David Willis, Allison Hope Weiner, Giles Harrison, Blair Berk, Rob Nelson
More accurately, last Thursday night’s panelists vigorously discussed and debated the question of celebrity “news” and the “stalkarazzi”, but I do love alliteration. Officially titled “HOLLYWOOD GROUND ZERO: Where Celebrity, Paparazzi and the First Amendment Collide”, the event was sponsored by the LA Press Club and PR Newswire and took place at the Steve Allen Theater in Hollywood.
Moderated by BBC World News correspondent David Willis, the panel consisted of Blair Berk, a Los Angeles criminal defense attorney whose client list includes numerous A-list celebrities; Giles Harrison, top-earning paparazzo of London Entertainment/Splash News; Rob Nelson of KABC-AM790 and E! Entertainment THS Investigates; and Allison Hope Weiner, a Los Angeles based reporter for The New York Times (who is currently covering the Anthony Pellicano story).
The evening began with a ten minute viewing of the E! channel’s hour long program THS Investigates: Paparazzi. Hosted by panelist Rob Nelson, the investigative story covered the current state of celebrities and the paparazzi in Los Angeles and the legal issues involved. Two of the panelists had appeared in the story: Berk was interviewed in her office, and Harrison took Nelson with him one day as he drove around in his vehicle, on the job as a paparazzo. In one scene of Nelson’s story, we see Katie Holmes with baby Suri emerge from a building and arrive at the sidewalk. As the paps lunge for her, they practically knock down the woman next to her–Tom Cruise’s mother. Another issue is that car chases become commonplace on the highways when the paparazzi spot a celebrity in their car, knowing not only the type of car they drive but also the license plate number. In another scenario, Jude Law leaves his house with his children. When he spots the cameras on them, he crosses the street to where the paparazzi are standing, blocks the TV camera lens with his body and in a very angry tone of voice threatens to turn in the photographers for being pedophiles if they don’t take their cameras off his kids. End of scene.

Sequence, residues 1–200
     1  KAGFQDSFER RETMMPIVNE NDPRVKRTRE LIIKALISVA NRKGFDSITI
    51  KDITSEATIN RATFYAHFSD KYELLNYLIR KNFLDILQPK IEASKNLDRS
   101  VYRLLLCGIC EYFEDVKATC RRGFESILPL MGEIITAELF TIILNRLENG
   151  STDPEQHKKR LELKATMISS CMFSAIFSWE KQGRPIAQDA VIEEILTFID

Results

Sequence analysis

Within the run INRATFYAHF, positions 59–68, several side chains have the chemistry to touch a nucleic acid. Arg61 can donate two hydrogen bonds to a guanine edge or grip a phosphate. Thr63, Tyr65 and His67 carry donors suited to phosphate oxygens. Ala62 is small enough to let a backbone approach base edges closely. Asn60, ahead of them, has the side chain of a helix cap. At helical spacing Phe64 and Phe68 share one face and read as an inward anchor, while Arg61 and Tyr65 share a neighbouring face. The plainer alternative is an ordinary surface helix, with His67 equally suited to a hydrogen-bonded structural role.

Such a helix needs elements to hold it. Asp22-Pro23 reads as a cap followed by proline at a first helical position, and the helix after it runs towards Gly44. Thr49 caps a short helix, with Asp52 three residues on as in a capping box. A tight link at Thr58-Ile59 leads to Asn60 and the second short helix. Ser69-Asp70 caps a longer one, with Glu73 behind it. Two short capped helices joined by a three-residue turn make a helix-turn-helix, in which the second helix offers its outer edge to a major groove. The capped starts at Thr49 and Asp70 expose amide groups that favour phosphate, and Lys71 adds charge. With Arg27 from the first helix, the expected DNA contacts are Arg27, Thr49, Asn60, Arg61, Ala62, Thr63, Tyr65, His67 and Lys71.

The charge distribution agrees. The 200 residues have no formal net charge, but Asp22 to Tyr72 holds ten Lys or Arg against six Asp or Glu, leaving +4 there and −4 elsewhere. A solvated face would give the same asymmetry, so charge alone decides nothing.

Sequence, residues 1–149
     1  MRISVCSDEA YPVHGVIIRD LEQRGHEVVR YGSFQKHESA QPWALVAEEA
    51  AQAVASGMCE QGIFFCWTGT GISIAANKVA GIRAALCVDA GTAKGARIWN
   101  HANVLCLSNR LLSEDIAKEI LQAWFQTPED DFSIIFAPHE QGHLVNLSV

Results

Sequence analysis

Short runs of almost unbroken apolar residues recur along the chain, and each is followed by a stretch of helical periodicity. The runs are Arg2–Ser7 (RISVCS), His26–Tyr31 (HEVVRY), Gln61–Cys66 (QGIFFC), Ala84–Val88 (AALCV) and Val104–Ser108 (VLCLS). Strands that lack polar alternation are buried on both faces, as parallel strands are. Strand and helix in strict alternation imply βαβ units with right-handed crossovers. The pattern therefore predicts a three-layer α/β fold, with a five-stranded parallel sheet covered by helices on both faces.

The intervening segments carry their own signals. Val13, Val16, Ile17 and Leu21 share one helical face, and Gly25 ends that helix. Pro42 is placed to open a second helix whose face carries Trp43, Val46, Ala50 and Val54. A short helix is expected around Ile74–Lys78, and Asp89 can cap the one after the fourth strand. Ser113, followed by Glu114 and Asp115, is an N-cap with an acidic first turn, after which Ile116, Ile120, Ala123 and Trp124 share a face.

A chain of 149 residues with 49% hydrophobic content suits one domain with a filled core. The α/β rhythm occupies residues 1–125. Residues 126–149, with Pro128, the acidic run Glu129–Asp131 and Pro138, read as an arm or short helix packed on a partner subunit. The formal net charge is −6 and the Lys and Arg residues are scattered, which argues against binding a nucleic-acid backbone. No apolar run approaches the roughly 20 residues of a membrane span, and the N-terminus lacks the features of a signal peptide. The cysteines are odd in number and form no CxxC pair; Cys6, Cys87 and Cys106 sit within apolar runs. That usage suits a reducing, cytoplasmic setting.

After introductions by the panelists, Willis got the discussion going by asking the important questions: Do the paparazzi go too far? Should the press and/or the paparazzi be regulated? Who are these people? He called on the expertise of each panelist and asked for their take on the situation. Panelist’s positions were clearly defined: Weiner was opposed to any press regulation, defending a free press and fearful that trying to regulate the tabloids could lead to putting a stranglehold on all press. Berk defended the rights of celebrities as individuals who deserved a degree of privacy and spelled out the personal and public safety issues of paparazzi gone wild. Harrison tried to create a more balanced view of the paparazzi, reminding the panel and audience that they are not all aggressive stalkers, including himself. Harrison, who prides himself on his forthright behavior as a paparazzo, was introduced as someone who had once spent time in jail for an incident early in his career.
Why all the paparazzi madness? With the proliferation of supermarket tabloids and the pressure for lurid stories and photos, there is more money than ever for the photo agencies and the swarms of paparazzi have increasing competition for the high-paying scoop shots. “Reality” TV shows also feed into our voyeuristic culture, often including celebrities who expose far too many details of their private lives. At the same time, there is the growing mainstreaming of an industry of “celebrity news”, for example AOL owned TMZ.com. But is it really “news”–stories about actual events? Or just old-fashioned gossip–innuendo, hearsay and outright lies?